After his death, Bridge was even more neglected than Parry or Finzi; indeed, for many years he was only remembered for the fact that he had supplied the theme for Britten’s Variations, and there were more recordings of that piece in the catalogues than of any of Bridge’s own orchestral music. Britten himself recorded Sir Roger de Coverley with the English Chamber Orchestra in 1969 in the Snape Maltings, and the larger body of strings he employed made a more positive impression than Boughton manages here. It was not until Sir Charles Groves devoted a whole EMI LP to the orchestral music of Bridge in 1976 that the revival of the composer’s fortunes may be said to have been safely launched. Groves could sometimes be a rather stolid and sober conductor, but at his best he was capable of producing some superb performances – his recording of Delius’s Koanga remains unchallenged in the catalogue to this day, and his Bridge compilation was another of the highlights of his recorded repertoire. He included Cherry ripe and the Lament in his compilation, and two years later Boult gave us première recordings of Rosemary and Sally in our Alley; but this Nimbus disc was - so far as I can tell - the first to include recordings of the Canzonetta and the Irish melody. Indeed this remains the only available recording of the latter work in its orchestral form, since it was not even included in Hickox’s otherwise comprehensive survey of Bridge’s orchestral music for Chandos; the other recordings in the current catalogue are of the original string quartet version.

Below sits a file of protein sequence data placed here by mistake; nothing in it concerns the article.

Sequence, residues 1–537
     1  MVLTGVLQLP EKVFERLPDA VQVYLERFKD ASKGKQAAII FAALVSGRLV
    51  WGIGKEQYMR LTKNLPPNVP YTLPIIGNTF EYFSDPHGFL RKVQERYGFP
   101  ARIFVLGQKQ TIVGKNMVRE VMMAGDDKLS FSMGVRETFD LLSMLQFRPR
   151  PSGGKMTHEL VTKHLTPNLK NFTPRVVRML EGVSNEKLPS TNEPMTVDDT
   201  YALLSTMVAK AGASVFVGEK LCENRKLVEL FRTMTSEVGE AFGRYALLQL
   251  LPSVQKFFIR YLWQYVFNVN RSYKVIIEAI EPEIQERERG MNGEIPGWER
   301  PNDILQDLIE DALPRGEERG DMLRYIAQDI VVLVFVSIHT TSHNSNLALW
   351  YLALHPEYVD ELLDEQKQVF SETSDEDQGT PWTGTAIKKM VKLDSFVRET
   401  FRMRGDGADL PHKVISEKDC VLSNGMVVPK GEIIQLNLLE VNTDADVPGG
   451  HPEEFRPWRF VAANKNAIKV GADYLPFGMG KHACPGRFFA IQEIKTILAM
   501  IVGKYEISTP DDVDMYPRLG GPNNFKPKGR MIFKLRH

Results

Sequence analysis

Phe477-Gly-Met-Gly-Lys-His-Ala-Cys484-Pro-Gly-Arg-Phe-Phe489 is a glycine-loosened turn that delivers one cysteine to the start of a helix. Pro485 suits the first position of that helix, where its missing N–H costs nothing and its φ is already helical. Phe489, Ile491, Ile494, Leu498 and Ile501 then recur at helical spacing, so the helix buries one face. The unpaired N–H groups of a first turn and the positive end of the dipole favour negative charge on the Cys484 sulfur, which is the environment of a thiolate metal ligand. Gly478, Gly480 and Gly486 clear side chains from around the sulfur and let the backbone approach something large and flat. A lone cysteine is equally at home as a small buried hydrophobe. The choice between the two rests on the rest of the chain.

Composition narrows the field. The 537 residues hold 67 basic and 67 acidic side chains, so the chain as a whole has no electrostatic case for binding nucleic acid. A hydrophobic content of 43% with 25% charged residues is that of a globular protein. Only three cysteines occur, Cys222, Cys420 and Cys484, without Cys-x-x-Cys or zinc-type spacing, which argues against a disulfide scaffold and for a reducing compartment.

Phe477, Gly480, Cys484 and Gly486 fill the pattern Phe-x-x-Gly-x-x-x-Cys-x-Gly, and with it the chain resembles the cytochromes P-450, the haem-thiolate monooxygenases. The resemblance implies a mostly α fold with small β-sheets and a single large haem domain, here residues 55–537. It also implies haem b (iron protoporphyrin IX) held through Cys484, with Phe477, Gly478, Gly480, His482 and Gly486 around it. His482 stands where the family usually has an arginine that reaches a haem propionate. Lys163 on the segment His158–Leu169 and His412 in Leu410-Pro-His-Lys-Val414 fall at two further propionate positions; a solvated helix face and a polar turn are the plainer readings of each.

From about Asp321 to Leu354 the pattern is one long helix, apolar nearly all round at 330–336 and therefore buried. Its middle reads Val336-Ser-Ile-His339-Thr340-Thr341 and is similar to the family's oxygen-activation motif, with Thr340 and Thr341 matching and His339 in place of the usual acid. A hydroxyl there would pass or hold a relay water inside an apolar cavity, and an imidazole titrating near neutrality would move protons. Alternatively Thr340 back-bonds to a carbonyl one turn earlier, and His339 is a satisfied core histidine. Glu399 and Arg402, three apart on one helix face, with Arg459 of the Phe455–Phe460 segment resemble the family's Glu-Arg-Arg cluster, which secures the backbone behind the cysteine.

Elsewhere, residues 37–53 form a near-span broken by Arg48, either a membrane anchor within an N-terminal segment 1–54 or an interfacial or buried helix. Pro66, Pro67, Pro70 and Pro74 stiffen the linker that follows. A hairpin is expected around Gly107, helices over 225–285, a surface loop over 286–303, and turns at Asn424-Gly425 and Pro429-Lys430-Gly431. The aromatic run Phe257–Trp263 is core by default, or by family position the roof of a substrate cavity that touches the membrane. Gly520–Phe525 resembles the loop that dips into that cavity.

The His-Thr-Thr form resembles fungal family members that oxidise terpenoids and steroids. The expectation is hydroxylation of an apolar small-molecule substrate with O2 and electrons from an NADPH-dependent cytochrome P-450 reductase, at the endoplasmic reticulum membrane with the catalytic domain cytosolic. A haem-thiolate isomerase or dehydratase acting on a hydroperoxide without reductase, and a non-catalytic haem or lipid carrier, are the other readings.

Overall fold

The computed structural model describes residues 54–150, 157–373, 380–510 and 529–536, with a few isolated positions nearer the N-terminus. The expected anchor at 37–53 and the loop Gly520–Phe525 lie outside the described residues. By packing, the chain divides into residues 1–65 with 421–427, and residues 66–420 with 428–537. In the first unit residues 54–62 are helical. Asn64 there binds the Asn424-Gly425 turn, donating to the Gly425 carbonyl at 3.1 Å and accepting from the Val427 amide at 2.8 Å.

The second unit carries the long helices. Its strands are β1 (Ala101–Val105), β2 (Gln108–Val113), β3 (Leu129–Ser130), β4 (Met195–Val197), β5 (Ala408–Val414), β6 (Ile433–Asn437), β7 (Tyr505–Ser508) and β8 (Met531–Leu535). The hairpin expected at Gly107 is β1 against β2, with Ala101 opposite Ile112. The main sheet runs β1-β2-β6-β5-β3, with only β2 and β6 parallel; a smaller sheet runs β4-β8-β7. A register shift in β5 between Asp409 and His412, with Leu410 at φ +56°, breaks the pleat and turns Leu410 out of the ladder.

In terms of performances Boughton’s readings of Bridge are fine, but these are not by and large Bridge’s greatest works; indeed many of them are transcriptions for string orchestra of pieces that Bridge originally wrote for smaller forces, and many of them fall close to the category of ‘light music’ – if any music by Bridge could be so described. Boughton is just a little slower than his competitors Boult or Groves - to the advantage of the heartfelt Lament - but the differences in interpretation are minimal. The most substantial work here, There is a willow grows aslant a brook, is however something different again. This meditation on the death of Ophelia (in Hamlet) is one of Bridge’s most impassioned later works, and in terms of length and content it can hardly be categorised as a miniature. This is the only work on this disc which includes wind instruments, and it is also clearly the most ‘modern’ composition here; Boughton gives the music plenty of atmosphere. But there are many other recordings of this piece, and some of these - not least Hickox - give the music more substance.